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State pays a premium for use of debit card service

OLYMPIA, Wash. – Washington spends nearly four times what Michigan does to provide food and cash benefits via debit card. That’s just one of the findings in a recent survey of what states are paying large financial institutions to provide welfare benefits electronically.

Washington is part of a consortium of western states that contracts with JPMorgan Chase to provide welfare recipients a reloadable debit card of food and cash benefits. Washington pays JPMorgan $1.65 per client per month for the service. But that’s nearly 70-cents more than what Colorado pays JPMorgan.

Why is that? Because Washington purchased several add-ons to the contract – like interpreter services in eight foreign languages. Babs Roberts is with the Washington Department of Social and Health Services. She’s trying to negotiate down the cost of the contract, but wants to preserve those extra services.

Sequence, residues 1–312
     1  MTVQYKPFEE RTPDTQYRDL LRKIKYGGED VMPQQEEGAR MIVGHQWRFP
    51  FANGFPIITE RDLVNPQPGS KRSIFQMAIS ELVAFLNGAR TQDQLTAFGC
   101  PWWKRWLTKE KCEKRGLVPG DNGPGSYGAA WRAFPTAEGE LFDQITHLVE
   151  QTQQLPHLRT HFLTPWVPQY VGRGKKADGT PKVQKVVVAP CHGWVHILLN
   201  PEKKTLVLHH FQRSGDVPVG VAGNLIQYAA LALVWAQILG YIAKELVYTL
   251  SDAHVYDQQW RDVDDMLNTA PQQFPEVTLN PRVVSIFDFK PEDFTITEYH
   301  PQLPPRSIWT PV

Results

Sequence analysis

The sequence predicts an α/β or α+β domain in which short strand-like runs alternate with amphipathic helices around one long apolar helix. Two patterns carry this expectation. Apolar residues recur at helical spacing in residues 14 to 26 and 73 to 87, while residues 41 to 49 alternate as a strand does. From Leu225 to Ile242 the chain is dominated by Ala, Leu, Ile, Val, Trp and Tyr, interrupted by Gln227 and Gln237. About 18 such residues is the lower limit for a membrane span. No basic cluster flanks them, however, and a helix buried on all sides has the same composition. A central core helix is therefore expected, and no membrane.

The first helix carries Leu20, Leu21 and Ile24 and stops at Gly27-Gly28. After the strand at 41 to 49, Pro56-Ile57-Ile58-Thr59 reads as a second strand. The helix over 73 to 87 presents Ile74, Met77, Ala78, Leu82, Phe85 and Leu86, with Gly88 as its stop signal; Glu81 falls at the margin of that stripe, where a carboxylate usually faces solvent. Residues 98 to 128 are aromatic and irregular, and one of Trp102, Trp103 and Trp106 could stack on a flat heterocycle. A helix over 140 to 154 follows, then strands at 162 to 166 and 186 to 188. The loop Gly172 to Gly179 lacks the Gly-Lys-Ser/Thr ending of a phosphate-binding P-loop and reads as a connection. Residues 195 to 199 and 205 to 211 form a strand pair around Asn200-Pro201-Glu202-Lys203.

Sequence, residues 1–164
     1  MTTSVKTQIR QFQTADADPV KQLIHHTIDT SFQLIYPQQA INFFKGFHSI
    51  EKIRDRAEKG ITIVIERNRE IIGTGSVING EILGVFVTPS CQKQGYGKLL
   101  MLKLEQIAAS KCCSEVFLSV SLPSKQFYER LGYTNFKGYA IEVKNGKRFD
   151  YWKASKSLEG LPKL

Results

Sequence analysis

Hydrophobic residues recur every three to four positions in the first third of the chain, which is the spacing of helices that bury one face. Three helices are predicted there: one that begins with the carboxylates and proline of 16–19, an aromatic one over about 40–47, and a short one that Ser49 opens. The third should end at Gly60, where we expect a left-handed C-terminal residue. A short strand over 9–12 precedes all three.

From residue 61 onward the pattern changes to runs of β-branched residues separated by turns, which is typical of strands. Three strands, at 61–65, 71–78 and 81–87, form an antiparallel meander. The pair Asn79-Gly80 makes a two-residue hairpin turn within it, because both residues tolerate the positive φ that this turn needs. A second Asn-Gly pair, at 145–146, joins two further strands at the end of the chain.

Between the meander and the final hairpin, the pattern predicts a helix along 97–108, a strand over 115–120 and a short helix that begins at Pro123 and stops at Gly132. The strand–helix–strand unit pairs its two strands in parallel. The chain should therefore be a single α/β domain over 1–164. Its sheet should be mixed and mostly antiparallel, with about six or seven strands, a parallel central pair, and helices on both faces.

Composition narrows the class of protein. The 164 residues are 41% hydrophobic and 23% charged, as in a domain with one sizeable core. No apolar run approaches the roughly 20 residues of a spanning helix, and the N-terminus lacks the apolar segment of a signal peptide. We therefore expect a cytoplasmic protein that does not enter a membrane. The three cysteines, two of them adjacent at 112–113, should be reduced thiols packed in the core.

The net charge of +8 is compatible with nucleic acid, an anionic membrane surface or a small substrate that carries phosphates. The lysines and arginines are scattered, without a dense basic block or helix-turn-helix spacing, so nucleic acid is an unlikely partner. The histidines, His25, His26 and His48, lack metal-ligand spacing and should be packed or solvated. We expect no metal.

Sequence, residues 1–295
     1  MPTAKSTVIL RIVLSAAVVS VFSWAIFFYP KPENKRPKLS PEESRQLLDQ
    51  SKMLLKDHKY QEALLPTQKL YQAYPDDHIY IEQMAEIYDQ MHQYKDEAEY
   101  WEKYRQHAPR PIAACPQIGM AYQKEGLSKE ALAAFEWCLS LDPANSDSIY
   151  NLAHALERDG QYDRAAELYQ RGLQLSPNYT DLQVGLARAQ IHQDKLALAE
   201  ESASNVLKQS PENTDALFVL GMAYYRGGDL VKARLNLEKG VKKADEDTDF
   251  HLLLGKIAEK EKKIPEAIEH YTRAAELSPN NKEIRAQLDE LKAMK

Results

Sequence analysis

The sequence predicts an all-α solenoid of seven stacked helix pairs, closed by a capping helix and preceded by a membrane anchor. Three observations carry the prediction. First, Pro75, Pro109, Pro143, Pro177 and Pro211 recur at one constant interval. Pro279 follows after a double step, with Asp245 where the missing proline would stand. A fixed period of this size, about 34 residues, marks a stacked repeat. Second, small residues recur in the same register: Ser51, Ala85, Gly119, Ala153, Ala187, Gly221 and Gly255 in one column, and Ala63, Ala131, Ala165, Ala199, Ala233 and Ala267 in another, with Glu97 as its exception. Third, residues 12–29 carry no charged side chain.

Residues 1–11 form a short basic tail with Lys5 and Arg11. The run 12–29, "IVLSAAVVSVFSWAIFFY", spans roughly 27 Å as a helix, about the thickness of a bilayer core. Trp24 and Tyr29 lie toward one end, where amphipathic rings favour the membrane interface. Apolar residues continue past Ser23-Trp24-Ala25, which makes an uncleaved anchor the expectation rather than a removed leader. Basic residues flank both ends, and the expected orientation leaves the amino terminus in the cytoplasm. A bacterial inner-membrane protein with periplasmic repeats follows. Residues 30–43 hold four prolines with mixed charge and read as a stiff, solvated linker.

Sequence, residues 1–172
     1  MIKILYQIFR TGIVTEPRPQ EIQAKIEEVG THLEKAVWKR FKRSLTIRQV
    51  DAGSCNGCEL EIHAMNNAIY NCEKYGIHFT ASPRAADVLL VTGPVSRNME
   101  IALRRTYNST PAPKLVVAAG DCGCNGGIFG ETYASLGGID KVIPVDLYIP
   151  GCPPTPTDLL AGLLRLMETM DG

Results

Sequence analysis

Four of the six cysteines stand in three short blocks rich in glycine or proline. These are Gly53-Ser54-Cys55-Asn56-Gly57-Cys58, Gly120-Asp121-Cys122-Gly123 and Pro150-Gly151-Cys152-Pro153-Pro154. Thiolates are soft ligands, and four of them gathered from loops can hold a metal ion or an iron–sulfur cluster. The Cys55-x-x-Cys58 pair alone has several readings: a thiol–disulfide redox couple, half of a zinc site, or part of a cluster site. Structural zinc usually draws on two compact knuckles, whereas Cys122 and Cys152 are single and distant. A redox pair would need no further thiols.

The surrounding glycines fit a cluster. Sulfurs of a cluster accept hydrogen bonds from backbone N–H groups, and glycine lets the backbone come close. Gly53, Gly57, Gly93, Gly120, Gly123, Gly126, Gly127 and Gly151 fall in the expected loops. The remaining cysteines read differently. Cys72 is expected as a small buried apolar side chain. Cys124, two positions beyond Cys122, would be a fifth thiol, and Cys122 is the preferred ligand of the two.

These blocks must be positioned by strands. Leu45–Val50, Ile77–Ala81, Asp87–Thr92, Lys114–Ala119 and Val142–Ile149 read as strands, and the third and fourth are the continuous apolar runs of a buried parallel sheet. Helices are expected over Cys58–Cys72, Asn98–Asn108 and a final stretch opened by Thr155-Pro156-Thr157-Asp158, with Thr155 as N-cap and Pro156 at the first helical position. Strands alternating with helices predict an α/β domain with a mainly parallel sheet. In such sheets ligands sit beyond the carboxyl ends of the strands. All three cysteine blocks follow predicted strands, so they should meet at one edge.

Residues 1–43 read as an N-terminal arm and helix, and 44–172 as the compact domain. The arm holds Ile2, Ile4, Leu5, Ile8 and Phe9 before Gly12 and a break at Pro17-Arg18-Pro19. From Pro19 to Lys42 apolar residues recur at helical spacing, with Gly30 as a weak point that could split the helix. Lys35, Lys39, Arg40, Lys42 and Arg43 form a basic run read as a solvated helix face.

"I think there are some that would be very difficult for us to want to give up and the interpreter services is one of them. We have a population that needs that service and it would be very hard for us to want to give that one up for example.”

Roberts wants to find out how Michigan manages to deliver electronic benefits at a cheaper cost than any other state that responded to the survey.

Copyright 2011 Northwest News Network


Since January 2004, Austin Jenkins has been the Olympia-based political reporter for the Northwest News Network. In that position, Austin covers Northwest politics and public policy as well as the Washington State legislature. You can also see Austin on television as host of TVW's (the C–SPAN of Washington State) Emmy-nominated public affairs program "Inside Olympia." Prior to joining the Northwest News Network, Austin worked as a television reporter in Seattle, Portland and Boise. Austin is a graduate of Garfield High School in Seattle and Connecticut College in New London, Connecticut. Austin’s reporting has been recognized with awards from the Association of Capitol Reporters and Editors, Public Radio News Directors Incorporated and the Society of Professional Journalists.